Well hey there amigo, I humbly want to say thanks for stoppin by and takin interest in what this girl is doing! While you read, Keep in mind that the ideas and thoughts expressed in this thing are mine and do not necessarily represent the views and opinions of Peace Corps or the United States government...blah blah blah...go read!

Monday, February 7, 2011

Sexy to someone

I remember reading a comparative study once on the body-image/confidence of 3 groups of American women: latinas, blacks, and caucasians. It was all about how these groups of women both saw their own bodies and also how they thought others saw them. According to the study, black Americanas are the most confident, followed by latinas, and then the white girls bringing up the rear (come on white girls, step it up!). I don't remember the rest of the details of the particular study or how scientifically valid it was (I hope I didn't read it in Seventeen), but in my mind, the results seemed to confirm both stereotypes and my own experiences.

I'm half German, but there's not much of a connection I have with that culture other than my last name and occasional desire to eat cooked cabbage. I would say that most black-Americans are similarly quite far removed from any African roots and so I'm guessing that many culturally African ways of thinking are not deeply ingrained. But it's interesting that during my time in Mozambique surrounded mostly by black women, I often observed a confidence similar to what the study explained.

And I wondered, is it a cultural environment thing or is there just something about being a black woman?

I will say that whatever it is, it was contagious for me. I've never had significant body-image issues, but I personally felt way more confident about my appearance strolling around Mozambique than I do now that I've been back here in America. And I think that's saying a lot considering the fact that there, I was consistently at least 75% more sweaty, dirty, and logistically unable to maintain the kind of personal hygiene habits I enjoy here in the States. Why did I feel better there?

1. In Mozambique, my clothing shopping habits were different. To obtain clothing in Mozambique, an average woman doesn't walk into a clothing store and go to the skinny jeans rack where there are multiple sizes of skinny jeans that she can try to stuff herself into and then blame herself when none of the million sizes available fit her correctly. Instead, she wears a capulana which is incredibly forgiving (one size fits all) or has clothes made-to-order at a tailor (thus a tailor can be blamed if something does not fit) or gets something from a 2nd hand clothing market and just makes it work (she knows that the chances of anyone finding the perfect fit are slim considering the random array of clothing). So there, she tries to make clothes fit herself, not herself fit clothes.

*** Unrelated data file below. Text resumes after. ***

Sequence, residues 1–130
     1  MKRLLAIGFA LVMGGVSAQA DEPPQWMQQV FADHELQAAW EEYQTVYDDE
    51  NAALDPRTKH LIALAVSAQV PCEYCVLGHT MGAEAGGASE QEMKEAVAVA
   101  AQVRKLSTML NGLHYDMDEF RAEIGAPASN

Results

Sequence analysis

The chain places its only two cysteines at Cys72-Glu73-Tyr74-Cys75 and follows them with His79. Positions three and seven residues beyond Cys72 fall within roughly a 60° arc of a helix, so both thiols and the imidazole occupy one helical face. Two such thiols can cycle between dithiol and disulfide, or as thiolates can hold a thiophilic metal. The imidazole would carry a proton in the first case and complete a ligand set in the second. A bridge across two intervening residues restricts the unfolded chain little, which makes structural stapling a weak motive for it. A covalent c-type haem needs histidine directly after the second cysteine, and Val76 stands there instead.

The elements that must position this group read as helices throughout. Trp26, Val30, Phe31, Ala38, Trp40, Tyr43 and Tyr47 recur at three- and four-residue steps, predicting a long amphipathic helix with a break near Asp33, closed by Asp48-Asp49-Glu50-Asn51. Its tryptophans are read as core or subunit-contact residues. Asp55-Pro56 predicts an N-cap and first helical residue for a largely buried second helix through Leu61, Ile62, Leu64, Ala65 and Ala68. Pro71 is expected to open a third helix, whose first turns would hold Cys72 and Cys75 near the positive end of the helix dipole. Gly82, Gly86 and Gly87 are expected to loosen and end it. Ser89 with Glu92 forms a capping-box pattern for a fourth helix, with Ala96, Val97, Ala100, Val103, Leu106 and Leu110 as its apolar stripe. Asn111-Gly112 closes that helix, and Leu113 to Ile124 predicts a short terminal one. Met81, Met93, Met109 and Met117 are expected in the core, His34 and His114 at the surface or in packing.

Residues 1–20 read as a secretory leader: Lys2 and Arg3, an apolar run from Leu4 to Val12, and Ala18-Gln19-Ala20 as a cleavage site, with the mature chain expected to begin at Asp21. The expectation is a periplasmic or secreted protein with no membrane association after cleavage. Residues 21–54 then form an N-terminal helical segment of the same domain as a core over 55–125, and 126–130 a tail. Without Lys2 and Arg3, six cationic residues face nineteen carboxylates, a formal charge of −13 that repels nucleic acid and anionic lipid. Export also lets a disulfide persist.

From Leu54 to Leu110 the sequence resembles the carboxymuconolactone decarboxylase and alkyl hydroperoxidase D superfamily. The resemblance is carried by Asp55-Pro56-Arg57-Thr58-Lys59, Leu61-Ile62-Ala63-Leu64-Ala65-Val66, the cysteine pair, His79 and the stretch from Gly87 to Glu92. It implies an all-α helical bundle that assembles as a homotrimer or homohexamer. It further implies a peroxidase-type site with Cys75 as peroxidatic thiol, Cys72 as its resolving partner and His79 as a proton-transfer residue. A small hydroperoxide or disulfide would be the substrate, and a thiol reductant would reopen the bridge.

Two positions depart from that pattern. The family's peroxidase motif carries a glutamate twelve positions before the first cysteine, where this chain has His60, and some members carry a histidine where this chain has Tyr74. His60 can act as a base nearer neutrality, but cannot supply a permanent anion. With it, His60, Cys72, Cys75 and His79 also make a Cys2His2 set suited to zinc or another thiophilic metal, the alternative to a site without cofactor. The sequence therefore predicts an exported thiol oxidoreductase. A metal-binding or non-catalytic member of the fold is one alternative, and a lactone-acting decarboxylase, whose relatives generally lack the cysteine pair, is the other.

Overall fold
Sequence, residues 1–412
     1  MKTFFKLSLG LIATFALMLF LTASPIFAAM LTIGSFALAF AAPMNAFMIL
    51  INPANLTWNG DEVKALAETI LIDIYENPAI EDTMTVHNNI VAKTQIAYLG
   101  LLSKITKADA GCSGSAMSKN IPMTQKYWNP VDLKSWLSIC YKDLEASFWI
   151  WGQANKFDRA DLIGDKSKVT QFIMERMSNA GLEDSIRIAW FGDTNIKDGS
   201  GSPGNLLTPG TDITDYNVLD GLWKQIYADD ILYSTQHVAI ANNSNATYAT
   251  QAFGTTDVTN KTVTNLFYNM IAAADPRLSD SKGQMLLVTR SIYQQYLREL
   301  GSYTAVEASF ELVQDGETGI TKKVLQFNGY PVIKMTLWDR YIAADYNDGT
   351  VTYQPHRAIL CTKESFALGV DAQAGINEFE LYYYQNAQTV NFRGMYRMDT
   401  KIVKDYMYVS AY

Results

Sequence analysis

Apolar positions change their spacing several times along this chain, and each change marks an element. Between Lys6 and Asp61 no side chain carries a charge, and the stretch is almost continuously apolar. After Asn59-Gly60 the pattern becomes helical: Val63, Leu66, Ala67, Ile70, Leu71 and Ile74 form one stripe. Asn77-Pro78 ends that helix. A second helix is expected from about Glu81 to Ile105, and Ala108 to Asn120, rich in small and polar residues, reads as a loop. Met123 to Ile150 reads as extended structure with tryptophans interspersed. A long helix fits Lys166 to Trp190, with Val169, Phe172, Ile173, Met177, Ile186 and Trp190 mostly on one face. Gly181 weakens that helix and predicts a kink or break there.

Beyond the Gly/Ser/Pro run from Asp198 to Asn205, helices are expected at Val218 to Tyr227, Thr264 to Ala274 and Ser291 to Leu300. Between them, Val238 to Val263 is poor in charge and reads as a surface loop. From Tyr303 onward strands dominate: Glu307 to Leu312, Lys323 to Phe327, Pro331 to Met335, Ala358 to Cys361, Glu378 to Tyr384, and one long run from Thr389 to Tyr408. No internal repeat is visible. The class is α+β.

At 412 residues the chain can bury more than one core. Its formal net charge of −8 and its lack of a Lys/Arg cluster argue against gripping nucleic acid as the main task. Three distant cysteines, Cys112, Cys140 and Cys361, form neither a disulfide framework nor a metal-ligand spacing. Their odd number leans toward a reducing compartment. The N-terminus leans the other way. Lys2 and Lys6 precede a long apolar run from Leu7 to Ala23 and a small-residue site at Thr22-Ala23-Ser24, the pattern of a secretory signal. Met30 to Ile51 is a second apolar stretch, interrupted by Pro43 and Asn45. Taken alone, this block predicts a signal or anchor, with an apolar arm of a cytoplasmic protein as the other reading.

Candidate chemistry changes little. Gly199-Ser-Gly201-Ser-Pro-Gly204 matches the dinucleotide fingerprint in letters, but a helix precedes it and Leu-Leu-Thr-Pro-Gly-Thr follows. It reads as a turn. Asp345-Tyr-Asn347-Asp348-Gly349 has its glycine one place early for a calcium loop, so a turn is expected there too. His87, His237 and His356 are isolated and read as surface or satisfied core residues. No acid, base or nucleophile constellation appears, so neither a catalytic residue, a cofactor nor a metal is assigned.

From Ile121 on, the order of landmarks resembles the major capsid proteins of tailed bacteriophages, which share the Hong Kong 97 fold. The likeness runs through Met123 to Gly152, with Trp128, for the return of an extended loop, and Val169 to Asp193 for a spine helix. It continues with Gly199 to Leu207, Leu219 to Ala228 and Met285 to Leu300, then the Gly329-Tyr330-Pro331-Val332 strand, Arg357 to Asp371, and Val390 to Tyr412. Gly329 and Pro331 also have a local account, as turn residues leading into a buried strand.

2. In Mozambique, calling someone "fat" is a compliment. This one took a while to get used to. The first few times I heard "epa! Professora esta gorda hoje!", I was pretty pissed and defensive, but then I realized that most of the time, it's genuinely meant as a warm fuzzy. Calling someone gorda or fat is often better translated as beautiful, healthy, happy, content. But even when they do say gorda and really do mean that you look chubby, that is also a compliment. Many women want to be fat, but before I make Mozambicans sound way less intrinsically shallow than Americans, I must make one interesting connection between fat and wealth. In Mozambique as well as some other African countries, having a few chubs means that you're not only healthy (sick people, especially HIV positive individuals stereotypically and in reality are often thin), but also prosperous enough to have enough food to get chubby. So anyway they mean it, fat is good and not the devil.

3. There is not one standard of beauty. When I taught sex ed for the first time with my 8th graders, I remember one boy making the comment, "teacher, I like that kind of girl," as he pointed to some other student across the way who was not of the particular body type that I ever would have guessed a high school boy would be attracted to. And he wasn't just being a smart-ass. As I continued to observe relationships at my high school, I noticed girls who would never get a second look from guys here in the states were still constantly getting attention there. It's like no girl is undesirable. Everyone is sexy to someone. I worked a bit with a woman named Veronica. For a woman her size, Veronica had the largest ass I have ever seen in my life. I always thought the myth of the bootie on which a glass of water could rest was a joke, but it's not. The woman could rest multiple glasses on that thing. And oh how she loved her ass! She would grab it and say it was her riqueza mozambicana or "Mozambican wealth." She also frequently commented that her husband is more than enthusiastic about it also. (To be fair, some Mozambican women feel pressure to be more thin, but to me, it appeared mostly as a result of modernization and Western influences). What relief and freedom those women enjoy when so many shapes and sizes are authentically accepted as beautiful.